For a closed card with turbine fan (reference cooler), intake is at the rear of the card and exhaust is out the back of your case - these are very easy to direct air into.

Dual-fan or non-reference designs with big honkin' heatpipes, etc, are harder as you need to try to prevent the expelled hot air from being recirculated through the card.

If you've re-applied the thermal paste properly (very thin layer spread over the surface of the GPU), and you're getting 83C at full load, you're actually not doing too badly.  These cards can usually take the pain, and don't thermal-throttle until 100C+

I'd do more experimenting before spending a bunch of money on aftermarket coolers.  Don't get discouraged, it's really not easy to find the right balance.


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July 21, 2011, 05:53:14 PM
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I've come to realize that GPU temps are dependent on a huge array of factors - it's difficult to optimize all of them while retaining performance.

I have 4x 6950's, they were all running ~85-90C in a case with exceptional airflow.  I now have them 'open air' with a ridiculous ventilation system setup to push cold air from an adjacent room directly onto the cards, and I'm getting between 75-85C now.

If your cards are the 'two fan' variety, the only 'intake' is the fans themselves.  They will simply expel hot air everywhere, which generally rolls around and gets sucked back into the fans.  This is a fatal flaw of these cooler types.  Blowing a box fan, etc directly at the cards will make no difference, and may infact increase temperatures, as you're fighting against the exhaust of the cooler fans.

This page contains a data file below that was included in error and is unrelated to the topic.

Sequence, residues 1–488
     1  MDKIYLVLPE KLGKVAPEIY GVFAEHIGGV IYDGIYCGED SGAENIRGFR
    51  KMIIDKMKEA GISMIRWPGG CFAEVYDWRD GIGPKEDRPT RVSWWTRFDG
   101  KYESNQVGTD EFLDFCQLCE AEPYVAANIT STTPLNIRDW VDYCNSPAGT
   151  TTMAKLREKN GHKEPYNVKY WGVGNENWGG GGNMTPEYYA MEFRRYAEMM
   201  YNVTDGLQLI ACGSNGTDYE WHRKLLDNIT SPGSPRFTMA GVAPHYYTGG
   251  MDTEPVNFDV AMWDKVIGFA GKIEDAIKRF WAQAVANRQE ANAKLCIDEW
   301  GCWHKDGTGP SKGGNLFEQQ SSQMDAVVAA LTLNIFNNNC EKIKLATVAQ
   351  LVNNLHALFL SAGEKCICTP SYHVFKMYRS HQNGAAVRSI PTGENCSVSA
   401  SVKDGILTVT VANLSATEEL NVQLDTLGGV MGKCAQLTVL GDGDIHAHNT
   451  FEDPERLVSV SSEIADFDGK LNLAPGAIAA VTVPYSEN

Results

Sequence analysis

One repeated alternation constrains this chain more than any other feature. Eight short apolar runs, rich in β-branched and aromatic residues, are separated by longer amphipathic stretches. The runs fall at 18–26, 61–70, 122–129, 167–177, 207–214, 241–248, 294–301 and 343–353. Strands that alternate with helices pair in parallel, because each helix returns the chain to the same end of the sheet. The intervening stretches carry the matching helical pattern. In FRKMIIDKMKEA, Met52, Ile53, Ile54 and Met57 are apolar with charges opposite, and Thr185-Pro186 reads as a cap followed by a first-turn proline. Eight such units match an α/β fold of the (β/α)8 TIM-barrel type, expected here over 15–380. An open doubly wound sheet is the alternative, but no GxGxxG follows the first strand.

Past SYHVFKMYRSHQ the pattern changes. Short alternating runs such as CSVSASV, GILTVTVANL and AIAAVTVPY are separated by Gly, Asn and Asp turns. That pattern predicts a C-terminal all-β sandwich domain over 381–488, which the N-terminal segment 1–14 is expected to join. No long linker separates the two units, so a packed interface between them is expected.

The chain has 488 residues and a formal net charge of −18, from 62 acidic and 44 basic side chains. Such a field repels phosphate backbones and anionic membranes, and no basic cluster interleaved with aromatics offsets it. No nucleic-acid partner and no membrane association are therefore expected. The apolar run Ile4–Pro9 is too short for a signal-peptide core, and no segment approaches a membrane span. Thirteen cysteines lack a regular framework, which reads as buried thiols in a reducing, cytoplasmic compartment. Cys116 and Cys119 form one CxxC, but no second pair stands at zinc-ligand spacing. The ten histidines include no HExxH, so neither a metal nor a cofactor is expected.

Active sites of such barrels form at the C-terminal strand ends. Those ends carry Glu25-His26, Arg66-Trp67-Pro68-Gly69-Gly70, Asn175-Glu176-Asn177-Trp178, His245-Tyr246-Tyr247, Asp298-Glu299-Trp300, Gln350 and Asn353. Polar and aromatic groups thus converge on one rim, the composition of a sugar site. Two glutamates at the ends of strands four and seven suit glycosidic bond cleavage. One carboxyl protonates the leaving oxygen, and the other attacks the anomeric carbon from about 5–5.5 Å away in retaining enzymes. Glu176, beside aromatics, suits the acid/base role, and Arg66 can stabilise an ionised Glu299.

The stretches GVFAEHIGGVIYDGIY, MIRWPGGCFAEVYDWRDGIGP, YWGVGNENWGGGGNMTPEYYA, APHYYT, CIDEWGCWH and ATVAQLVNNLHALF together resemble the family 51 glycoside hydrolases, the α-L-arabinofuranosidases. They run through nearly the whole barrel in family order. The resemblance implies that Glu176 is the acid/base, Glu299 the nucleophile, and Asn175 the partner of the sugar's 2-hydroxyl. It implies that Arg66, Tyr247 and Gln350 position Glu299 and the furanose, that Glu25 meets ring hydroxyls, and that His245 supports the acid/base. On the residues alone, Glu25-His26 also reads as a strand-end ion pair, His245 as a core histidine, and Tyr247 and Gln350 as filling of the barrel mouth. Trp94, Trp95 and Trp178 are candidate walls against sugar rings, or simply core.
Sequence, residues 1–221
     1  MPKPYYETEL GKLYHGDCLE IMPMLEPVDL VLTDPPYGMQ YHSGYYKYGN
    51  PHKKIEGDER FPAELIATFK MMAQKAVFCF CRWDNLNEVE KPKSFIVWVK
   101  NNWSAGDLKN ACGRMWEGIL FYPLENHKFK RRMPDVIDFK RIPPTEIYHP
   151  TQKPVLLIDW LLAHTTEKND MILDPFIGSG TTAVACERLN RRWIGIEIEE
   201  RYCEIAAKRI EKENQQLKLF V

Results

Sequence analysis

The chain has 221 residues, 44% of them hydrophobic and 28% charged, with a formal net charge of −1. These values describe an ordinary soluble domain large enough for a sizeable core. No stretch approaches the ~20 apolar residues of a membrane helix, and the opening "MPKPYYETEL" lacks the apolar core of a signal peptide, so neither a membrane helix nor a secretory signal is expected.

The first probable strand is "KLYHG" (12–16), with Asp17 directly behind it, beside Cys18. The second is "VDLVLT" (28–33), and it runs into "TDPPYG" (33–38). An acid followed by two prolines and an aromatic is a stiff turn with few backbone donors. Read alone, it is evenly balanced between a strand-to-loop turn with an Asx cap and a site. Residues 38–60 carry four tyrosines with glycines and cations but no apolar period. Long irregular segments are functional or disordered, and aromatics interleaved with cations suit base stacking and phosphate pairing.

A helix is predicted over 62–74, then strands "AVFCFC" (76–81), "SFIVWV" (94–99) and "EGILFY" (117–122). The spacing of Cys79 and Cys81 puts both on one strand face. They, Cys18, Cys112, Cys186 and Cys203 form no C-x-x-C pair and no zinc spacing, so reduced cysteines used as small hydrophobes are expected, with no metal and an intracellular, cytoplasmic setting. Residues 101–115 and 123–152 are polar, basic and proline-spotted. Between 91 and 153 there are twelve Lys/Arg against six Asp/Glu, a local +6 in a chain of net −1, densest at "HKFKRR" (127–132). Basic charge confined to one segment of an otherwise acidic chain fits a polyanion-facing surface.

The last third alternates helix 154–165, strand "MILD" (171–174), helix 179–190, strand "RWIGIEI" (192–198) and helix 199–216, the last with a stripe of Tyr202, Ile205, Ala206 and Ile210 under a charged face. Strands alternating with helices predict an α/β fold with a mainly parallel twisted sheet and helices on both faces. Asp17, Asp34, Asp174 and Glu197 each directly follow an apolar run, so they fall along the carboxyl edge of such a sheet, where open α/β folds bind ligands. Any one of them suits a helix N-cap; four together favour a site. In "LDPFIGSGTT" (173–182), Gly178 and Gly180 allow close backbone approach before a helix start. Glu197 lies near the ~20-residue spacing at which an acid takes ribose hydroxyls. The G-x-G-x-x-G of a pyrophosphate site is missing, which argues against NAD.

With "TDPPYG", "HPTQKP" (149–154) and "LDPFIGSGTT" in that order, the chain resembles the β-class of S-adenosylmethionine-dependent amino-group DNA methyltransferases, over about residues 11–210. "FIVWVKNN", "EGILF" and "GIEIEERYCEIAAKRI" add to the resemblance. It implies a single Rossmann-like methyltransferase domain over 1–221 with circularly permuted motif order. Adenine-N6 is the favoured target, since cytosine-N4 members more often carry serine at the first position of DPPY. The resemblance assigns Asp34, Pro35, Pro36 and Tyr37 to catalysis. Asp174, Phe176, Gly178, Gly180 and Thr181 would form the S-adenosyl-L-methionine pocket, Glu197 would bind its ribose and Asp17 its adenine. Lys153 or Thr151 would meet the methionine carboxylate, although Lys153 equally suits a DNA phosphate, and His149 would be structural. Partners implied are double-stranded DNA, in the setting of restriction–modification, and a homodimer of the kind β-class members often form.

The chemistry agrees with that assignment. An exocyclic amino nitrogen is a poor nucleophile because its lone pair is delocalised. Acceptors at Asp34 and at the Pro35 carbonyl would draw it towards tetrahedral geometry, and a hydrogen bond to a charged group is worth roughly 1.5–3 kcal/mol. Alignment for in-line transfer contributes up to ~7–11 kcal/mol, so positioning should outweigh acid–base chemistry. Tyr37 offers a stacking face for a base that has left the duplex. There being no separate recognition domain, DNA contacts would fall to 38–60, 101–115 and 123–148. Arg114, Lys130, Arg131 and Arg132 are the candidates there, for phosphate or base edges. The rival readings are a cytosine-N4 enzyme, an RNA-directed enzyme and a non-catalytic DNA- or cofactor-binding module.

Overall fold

What flags are you using to run your miner?  I've found a drastic difference between -f10 and -f30 on my cards with poclbm for example;  With -f10, my GPU runs at 99% load and temps raise at least 5C.  With -f30, I run at 98% and cooler.  I lose about 5mhash/s / card at -f30 (the default).

MSI's website blows and I can't see pics of the card for some reason, so I can't offer more specific suggestions.

For a closed card with turbine fan (reference cooler), intake is at the rear of the card and exhaust is out the back of your case - these are very easy to direct air into.

Dual-fan or non-reference designs with big honkin' heatpipes, etc, are harder as you need to try to prevent the expelled hot air from being recirculated through the card.

If you've re-applied the thermal paste properly (very thin layer spread over the surface of the GPU), and you're getting 83C at full load, you're actually not doing too badly.  These cards can usually take the pain, and don't thermal-throttle until 100C+